at high altitudes Greenland ice sheet the first decade of the 21st century was the warmest seen so far in about 1,000 years. From 2001 to 2011, the average temperature was 1.5 degrees Celsius above the 20th century average. This is reported by a team led by Maria Hörhold from the Alfred Wegener Institute (AWI). This means that global warming is also detectable in one of the most remote regions in the world, the group said in the journal Nature.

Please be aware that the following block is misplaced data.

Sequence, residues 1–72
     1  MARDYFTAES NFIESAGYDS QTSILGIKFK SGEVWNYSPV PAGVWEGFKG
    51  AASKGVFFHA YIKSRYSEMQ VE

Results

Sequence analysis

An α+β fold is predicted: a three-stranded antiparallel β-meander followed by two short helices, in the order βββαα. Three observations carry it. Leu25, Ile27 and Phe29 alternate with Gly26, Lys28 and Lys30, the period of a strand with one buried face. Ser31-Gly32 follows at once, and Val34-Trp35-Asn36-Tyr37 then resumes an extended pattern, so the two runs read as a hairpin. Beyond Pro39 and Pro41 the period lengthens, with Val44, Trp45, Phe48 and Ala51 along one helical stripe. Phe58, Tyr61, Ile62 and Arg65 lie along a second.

She examined ice cores collected in northern and central Greenland. Using the stable isotopes of water, scientists can see how high air temperatures were in the past. As the evaluated time series goes back only to the year 1000, the researchers do not make statements about the period before that. Scientists last examined ice cores from Greenland until 1995. “You hadn’t seen any warming at that time – in contrast to the global temperature increase,” Hörhold said.